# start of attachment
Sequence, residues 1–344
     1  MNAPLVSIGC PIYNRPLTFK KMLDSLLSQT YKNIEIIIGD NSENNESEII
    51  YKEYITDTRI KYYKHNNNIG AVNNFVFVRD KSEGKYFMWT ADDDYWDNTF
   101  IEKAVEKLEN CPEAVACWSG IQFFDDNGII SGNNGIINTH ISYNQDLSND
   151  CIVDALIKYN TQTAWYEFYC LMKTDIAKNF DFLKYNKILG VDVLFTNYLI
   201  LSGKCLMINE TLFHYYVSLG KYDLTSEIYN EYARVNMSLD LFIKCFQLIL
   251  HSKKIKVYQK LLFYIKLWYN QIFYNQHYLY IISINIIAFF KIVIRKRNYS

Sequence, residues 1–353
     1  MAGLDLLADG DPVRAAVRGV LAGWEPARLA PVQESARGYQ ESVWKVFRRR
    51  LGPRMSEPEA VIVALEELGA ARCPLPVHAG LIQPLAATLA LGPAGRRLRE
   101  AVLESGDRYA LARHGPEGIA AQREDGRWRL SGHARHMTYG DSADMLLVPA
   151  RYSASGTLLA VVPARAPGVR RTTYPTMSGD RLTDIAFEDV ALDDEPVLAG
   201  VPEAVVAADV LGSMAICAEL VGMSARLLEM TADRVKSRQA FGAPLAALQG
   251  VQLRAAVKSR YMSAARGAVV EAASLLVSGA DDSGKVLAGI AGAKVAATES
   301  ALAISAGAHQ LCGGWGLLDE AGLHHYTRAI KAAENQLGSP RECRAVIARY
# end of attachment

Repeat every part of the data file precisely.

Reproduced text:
Sequence, residues 1–344
     1  MNAPLVSIGC PIYNRPLTFK KMLDSLLSQT YKNIEIIIGD NSENNESEII
    51  YKEYITDTRI KYYKHNNNIG AVNNFVFVRD KSEGKYFMWT ADDDYWDNTF
   101  IEKAVEKLEN CPEAVACWSG IQFFDDNGII SGNNGIINTH ISYNQDLSND
   151  CIVDALIKYN TQTAWYEFYC LMKTDIAKNF DFLKYNKILG VDVLFTNYLI
   201  LSGKCLMINE TLFHYYVSLG KYDLTSEIYN EYARVNMSLD LFIKCFQLIL
   251  HSKKIKVYQK LLFYIKLWYN QIFYNQHYLY IISINIIAFF KIVIRKRNYS

Sequence, residues 1–353
     1  MAGLDLLADG DPVRAAVRGV LAGWEPARLA PVQESARGYQ ESVWKVFRRR
    51  LGPRMSEPEA VIVALEELGA ARCPLPVHAG LIQPLAATLA LGPAGRRLRE
   101  AVLESGDRYA LARHGPEGIA AQREDGRWRL SGHARHMTYG DSADMLLVPA
   151  RYSASGTLLA VVPARAPGVR RTTYPTMSGD RLTDIAFEDV ALDDEPVLAG
   201  VPEAVVAADV LGSMAICAEL VGMSARLLEM TADRVKSRQA FGAPLAALQG
   251  VQLRAAVKSR YMSAARGAVV EAASLLVSGA DDSGKVLAGI AGAKVAATES
   301  ALAISAGAHQ LCGGWGLLDE AGLHHYTRAI KAAENQLGSP RECRAVIARY